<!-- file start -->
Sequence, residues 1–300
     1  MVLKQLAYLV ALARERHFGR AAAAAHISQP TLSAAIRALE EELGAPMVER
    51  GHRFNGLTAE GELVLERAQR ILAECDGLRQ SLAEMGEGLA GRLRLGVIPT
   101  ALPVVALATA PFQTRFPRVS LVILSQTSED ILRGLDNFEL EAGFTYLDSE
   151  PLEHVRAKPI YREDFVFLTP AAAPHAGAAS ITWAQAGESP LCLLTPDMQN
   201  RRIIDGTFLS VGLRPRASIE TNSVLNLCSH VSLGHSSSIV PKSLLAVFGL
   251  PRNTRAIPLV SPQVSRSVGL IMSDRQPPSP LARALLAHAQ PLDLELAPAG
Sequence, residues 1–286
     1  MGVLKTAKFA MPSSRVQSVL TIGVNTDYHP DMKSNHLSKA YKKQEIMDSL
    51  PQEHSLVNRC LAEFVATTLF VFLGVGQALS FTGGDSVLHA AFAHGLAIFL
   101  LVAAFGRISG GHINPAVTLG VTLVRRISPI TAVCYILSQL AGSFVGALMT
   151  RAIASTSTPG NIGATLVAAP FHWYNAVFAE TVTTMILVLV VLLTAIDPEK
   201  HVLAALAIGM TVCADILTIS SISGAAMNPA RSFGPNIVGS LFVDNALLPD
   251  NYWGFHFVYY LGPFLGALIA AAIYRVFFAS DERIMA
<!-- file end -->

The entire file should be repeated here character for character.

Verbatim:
Sequence, residues 1–300
     1  MVLKQLAYLV ALARERHFGR AAAAAHISQP TLSAAIRALE EELGAPMVER
    51  GHRFNGLTAE GELVLERAQR ILAECDGLRQ SLAEMGEGLA GRLRLGVIPT
   101  ALPVVALATA PFQTRFPRVS LVILSQTSED ILRGLDNFEL EAGFTYLDSE
   151  PLEHVRAKPI YREDFVFLTP AAAPHAGAAS ITWAQAGESP LCLLTPDMQN
   201  RRIIDGTFLS VGLRPRASIE TNSVLNLCSH VSLGHSSSIV PKSLLAVFGL
   251  PRNTRAIPLV SPQVSRSVGL IMSDRQPPSP LARALLAHAQ PLDLELAPAG
Sequence, residues 1–286
     1  MGVLKTAKFA MPSSRVQSVL TIGVNTDYHP DMKSNHLSKA YKKQEIMDSL
    51  PQEHSLVNRC LAEFVATTLF VFLGVGQALS FTGGDSVLHA AFAHGLAIFL
   101  LVAAFGRISG GHINPAVTLG VTLVRRISPI TAVCYILSQL AGSFVGALMT
   151  RAIASTSTPG NIGATLVAAP FHWYNAVFAE TVTTMILVLV VLLTAIDPEK
   201  HVLAALAIGM TVCADILTIS SISGAAMNPA RSFGPNIVGS LFVDNALLPD
   251  NYWGFHFVYY LGPFLGALIA AAIYRVFFAS DERIMA